What Matters Most
I remember the first direct-mail appeal letter I ever wrote. It was 1978. A massive flood had ravaged a village in the lowlands of Bangladesh, and I was assigned to write an appeal to current donors.
Twenty-eight years — and many appeal packages — later, I want to share what I’ve learned. You might find these thoughts helpful as you prepare for your next appeal.
The most important element of a successful appeal is the fundraising offer: a short, absolutely clear statement of what we’re asking donors to accomplish with their gifts. Example: “Give $28 today to provide 14 hot, nutritious meals for the homeless living at our shelter.” Or, “Your special year-end gift, combined with the gifts from other special friends, will help close our $280,000 budget shortfall.” Or, “When you give a gift of $140 or more to support our expansion project, we’ll send you our full-color pictorial review of the museum’s current special collection.”
Craft your fundraising offer in clear language that’s easy to understand. Make sure your offer language includes exactly what the donor’s gift will achieve. Remember, too, that your donors share your beliefs and values. That’s why they chose to support you in the first place. Write from your heart, and don’t be afraid to base your appeal on the values that shape your work.
Unless you have a compelling and time-sensitive fundraising offer, you might as well forget the rest of the package. Get the offer wrong, and you’re in big trouble. Get it right, and you’re on your way to, ahem, fundraising success.
A workable structure
There are various ways to format a fundraising letter. I’ve found this five-point structure works best:
1. Start with your reason for writing. The headline on the outer envelope is the first place to announce your purpose. Using the museum example above, it might read “Urgent: 2006 Photography Expansion Fund — Details for Members Only Inside” on the outer envelope. This headline announces the purpose and creates credibility and intrigue. The museum member is compelled to open this envelope to find out how this “members only” letter applies to her.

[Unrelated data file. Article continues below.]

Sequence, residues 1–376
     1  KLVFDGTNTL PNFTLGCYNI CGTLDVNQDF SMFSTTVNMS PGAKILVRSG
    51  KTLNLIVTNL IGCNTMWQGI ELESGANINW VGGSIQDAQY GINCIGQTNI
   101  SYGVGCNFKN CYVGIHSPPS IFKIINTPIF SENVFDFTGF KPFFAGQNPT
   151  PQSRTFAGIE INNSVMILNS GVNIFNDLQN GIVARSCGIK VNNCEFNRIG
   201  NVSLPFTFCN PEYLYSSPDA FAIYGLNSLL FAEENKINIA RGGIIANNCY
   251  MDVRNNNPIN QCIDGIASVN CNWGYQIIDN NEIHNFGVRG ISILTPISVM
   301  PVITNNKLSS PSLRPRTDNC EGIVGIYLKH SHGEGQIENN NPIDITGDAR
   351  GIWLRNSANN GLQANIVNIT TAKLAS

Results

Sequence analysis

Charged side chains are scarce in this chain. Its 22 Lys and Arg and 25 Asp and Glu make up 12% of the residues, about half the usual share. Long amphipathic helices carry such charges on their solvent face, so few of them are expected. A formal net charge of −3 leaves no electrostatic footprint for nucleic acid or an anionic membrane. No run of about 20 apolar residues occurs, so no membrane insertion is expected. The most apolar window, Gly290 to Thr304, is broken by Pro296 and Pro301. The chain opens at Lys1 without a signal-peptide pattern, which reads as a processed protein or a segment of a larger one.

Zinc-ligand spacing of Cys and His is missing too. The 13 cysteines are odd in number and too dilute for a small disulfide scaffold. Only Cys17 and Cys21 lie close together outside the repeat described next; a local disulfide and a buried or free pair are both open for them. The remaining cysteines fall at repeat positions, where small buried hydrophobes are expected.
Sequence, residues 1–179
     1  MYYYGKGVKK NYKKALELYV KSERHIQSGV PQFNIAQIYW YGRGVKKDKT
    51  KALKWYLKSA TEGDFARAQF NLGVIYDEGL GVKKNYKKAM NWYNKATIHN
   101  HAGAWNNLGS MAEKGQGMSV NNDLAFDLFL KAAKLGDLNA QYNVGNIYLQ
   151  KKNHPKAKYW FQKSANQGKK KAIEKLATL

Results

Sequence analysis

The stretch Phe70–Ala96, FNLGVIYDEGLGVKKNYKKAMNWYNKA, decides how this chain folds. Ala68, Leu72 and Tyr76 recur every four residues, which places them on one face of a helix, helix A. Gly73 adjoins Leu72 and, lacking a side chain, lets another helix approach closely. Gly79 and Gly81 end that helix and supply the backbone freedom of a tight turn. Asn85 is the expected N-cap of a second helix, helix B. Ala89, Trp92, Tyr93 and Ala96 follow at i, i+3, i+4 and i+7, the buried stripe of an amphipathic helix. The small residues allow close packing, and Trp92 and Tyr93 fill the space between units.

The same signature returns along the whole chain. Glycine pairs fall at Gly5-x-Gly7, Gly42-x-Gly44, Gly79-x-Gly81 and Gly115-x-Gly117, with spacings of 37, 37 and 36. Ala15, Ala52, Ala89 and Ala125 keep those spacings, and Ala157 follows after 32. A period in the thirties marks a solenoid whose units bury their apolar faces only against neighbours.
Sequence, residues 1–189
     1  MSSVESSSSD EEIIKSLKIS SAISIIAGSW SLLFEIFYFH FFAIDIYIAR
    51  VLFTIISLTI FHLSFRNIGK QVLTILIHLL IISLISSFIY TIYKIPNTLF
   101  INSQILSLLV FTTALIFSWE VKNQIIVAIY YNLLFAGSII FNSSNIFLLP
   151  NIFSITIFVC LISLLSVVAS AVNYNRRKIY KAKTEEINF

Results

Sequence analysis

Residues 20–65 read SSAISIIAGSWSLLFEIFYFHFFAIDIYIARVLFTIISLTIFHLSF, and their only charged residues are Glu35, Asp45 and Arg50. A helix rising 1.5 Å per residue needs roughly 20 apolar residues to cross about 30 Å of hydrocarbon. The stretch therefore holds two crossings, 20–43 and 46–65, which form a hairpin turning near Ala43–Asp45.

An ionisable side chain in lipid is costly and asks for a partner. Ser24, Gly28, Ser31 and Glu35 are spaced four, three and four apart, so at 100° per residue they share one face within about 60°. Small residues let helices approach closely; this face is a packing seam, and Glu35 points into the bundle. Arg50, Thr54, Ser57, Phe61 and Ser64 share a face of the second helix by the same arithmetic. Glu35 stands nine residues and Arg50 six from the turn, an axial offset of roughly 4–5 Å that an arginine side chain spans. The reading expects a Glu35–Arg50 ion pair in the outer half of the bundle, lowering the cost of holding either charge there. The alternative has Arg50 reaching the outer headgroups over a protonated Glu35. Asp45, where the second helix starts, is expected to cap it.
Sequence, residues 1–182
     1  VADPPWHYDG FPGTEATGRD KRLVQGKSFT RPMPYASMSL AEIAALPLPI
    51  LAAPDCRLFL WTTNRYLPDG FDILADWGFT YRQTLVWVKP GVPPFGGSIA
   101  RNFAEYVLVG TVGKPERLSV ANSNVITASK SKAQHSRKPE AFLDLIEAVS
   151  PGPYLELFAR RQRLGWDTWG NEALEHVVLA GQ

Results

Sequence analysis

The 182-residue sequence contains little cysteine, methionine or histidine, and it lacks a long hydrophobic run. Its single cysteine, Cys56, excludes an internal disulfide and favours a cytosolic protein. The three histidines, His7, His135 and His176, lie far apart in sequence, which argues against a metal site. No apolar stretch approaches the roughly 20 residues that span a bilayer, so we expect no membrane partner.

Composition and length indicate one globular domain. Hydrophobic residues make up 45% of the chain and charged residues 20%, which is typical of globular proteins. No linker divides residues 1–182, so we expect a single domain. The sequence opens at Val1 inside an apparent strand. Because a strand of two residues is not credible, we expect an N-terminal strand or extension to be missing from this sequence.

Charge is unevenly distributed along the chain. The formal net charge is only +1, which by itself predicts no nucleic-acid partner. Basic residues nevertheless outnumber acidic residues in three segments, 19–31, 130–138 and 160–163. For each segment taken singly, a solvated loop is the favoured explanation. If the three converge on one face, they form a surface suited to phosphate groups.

The lead paragraph of the letter is the next place you should announce your reason for writing. “I’m writing to give you an update on our 2006 Photography Expansion Fund.” Briefly explain the fund, why it’s important to the member and how it satisfies the member’s desire for involvement with the museum.
2. Next, ask and proclaim. Tell the donor what action you want her to take; get specific with your ask language. This is your first full proclamation of the fundraising offer. Use stories, facts and other details to buttress your need. Remember, above all else, people give to help people. Explain your need emotionally.
3. Give instructions. Tell the donor exactly how to respond. Get very specific and detailed. “Mail your check today, along with the special Photography Expansion Fund reply coupon, in the envelope provided.” Or, “Go to our special Photography Expansion Fund Web site and make your gift via credit card.” (Be certain to set up a dedicated Web site — with a look and feel to match your mail package — that can track responses triggered by the printed mail appeal.)
4. Then, ask and proclaim again. Repeat your fundraising offer and proclaim your need. Cite new reasons why the donor’s gift is important to achieving the project’s goals. Give a deadline for response so the donor has a reason to act right away.
5. Finally, repeat your instructions. Tell donors, yet again, specifically how to respond to your appeal.
Headlines, postscripts and other attention-grabbing elements can make or break an appeal package. Use subheads throughout your letter to pull the reader through. Your postscript should be no more than two sentences long and should provide an urgent restatement of your entire case for support. u
Timothy Burgess is co-founder and senior strategist at direct-response fundraising firm Merkle/Domain. Contact: email@example.com.